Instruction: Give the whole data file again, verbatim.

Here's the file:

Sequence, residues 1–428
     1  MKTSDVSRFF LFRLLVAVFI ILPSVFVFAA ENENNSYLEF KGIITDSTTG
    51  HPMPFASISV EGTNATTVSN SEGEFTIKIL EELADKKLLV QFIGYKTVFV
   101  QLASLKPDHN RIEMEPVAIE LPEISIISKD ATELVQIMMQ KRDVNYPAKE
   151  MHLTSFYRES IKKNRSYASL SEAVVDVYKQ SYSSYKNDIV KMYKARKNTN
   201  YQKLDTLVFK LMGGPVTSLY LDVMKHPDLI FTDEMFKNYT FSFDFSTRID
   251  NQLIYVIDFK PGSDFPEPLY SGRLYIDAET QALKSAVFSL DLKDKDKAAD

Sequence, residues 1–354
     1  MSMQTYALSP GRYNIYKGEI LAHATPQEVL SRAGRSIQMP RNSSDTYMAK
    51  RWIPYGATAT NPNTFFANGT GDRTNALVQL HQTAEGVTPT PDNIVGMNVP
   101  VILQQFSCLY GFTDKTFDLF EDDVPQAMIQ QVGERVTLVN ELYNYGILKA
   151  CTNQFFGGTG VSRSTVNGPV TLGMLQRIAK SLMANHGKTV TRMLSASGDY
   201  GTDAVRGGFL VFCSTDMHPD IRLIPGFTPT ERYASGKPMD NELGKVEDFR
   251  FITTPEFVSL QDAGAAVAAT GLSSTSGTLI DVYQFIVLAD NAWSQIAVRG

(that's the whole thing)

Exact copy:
Sequence, residues 1–428
     1  MKTSDVSRFF LFRLLVAVFI ILPSVFVFAA ENENNSYLEF KGIITDSTTG
    51  HPMPFASISV EGTNATTVSN SEGEFTIKIL EELADKKLLV QFIGYKTVFV
   101  QLASLKPDHN RIEMEPVAIE LPEISIISKD ATELVQIMMQ KRDVNYPAKE
   151  MHLTSFYRES IKKNRSYASL SEAVVDVYKQ SYSSYKNDIV KMYKARKNTN
   201  YQKLDTLVFK LMGGPVTSLY LDVMKHPDLI FTDEMFKNYT FSFDFSTRID
   251  NQLIYVIDFK PGSDFPEPLY SGRLYIDAET QALKSAVFSL DLKDKDKAAD

Sequence, residues 1–354
     1  MSMQTYALSP GRYNIYKGEI LAHATPQEVL SRAGRSIQMP RNSSDTYMAK
    51  RWIPYGATAT NPNTFFANGT GDRTNALVQL HQTAEGVTPT PDNIVGMNVP
   101  VILQQFSCLY GFTDKTFDLF EDDVPQAMIQ QVGERVTLVN ELYNYGILKA
   151  CTNQFFGGTG VSRSTVNGPV TLGMLQRIAK SLMANHGKTV TRMLSASGDY
   201  GTDAVRGGFL VFCSTDMHPD IRLIPGFTPT ERYASGKPMD NELGKVEDFR
   251  FITTPEFVSL QDAGAAVAAT GLSSTSGTLI DVYQFIVLAD NAWSQIAVRG